Our duty to Airmen: We are here for you!

  • Published
  • By Ch. Maj. John M. Almen
  • 49th Wing Chapel, deputy wing chaplain
In the movie, "The Princess Bride," the Dread Pirate Roberts, aka Westley in disguise, tells the Princess Buttercup, "Life IS suffering, Princess, anyone who tells you otherwise is trying to sell you something." While all of life may not be suffering, there is no doubt that our Airmen undergo considerable stress. That stress does sometimes precipitate, or possibly derive from some form of suffering. When a young person embarks upon this adventure known as the United States Air Force, that individual enters a completely foreign land. The familiar world of childhood, adolescence, and High School is replaced by Big Blue. Civilian life gives way to military, and the transition isn't easy.  Following initial training, our Airmen move through various Life experiences; relationships may blossom or fade. There are weddings, births, and deployments. Manning in the shop is never what it should be. Long work hours become the rule. Tensions mount among coworkers, and, sometimes it is difficult to maintain the excitement that existed upon initial entry into the Air Force.

To be a member of the Chaplain Corps in today's Air Force means, for the chaplain, answering the call to be a professional religious leader serving within the diverse culture that is the military, and for the chaplain assistant, accepting the challenge to cross train into a career field that supports the pluralistic religious needs of their fellow Airmen. Both respond to the duty to provide comfort, encouragement, and support for our Airmen while experiencing the same realities of transition from civilian life, enduring deployments, confronting staffing shortfalls, and the stress these issues bring with them. To be a member of the USAF Chaplain Corps, officer or enlisted, means understanding the nature of military life, and being able to relate to what other Airmen endure.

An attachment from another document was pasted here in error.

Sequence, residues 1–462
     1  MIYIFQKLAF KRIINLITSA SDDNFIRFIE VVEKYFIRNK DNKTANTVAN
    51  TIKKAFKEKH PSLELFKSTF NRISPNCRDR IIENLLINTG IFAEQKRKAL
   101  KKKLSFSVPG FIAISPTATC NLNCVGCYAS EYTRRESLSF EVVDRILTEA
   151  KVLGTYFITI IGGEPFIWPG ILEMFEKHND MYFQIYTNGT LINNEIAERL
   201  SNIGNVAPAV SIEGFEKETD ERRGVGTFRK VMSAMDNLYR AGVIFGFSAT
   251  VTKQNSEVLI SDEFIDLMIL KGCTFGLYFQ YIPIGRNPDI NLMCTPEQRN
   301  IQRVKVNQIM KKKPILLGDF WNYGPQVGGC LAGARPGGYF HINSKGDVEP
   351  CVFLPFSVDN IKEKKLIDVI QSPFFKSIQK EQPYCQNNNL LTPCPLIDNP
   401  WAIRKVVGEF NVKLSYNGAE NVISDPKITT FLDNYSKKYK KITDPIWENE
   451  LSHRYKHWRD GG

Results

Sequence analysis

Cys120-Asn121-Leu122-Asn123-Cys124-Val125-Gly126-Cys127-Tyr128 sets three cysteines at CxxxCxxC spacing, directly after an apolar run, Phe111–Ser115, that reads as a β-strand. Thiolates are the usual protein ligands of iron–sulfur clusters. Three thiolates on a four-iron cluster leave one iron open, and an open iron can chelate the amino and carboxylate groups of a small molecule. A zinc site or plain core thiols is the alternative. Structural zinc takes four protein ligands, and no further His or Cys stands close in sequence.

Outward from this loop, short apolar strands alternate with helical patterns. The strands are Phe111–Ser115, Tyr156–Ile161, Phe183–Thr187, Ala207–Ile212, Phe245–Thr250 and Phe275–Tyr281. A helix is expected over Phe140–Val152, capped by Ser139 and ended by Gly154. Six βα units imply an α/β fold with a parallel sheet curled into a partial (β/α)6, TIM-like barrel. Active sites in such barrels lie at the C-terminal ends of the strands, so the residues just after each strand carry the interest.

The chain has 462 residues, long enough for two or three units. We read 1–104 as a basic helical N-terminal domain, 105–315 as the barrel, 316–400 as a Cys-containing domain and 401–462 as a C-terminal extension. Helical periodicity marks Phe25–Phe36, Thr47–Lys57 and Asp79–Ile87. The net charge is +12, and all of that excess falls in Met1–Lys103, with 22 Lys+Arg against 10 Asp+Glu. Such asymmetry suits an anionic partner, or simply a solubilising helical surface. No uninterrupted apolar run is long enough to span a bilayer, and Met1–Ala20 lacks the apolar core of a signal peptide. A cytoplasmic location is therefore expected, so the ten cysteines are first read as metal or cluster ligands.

Personally, I first raised my hand and swore "to support and defend the Constitution from all enemies foreign and domestic" on 7 July 1999 in Louisville, Kentucky when I joined the Kentucky Air National Guard. As a chaplain, and a non-combatant, I do not defend the Constitution with weapons, but by actively advocating for the free exercise of religion for all Airmen. Chaplains, together with chaplain assistants, provide, or provide for freedom of religious expression. We advise commanders on requests for religious accommodation. We support the spiritual fitness of our Airmen. We meet them in the midst of life's challenges and provide counsel and support. We organize retreat opportunities to get away for a time. We provide religious rites that mark life's transitions, weddings, baptisms, bar mitzvahs, first communion, anointing the sick, and, ultimately, funeral services. We celebrate joyous events, and provide comfort for grief.

As the title of this article states, "We Are Here for You." We can be reached 24/7/365 through the Chapel during normal duty hours or through the command post at other times. I once read a series of humorous church bulletin blunders. A favorite of mine was, "Don't suffer alone. Let the church help!" In spite of how the message actually reads, we don't want to help you suffer more, but the USAF Chaplain Corps personnel on Holloman seek to meet the intent of that statement. We seek to walk with you and help bear any burdens you carry.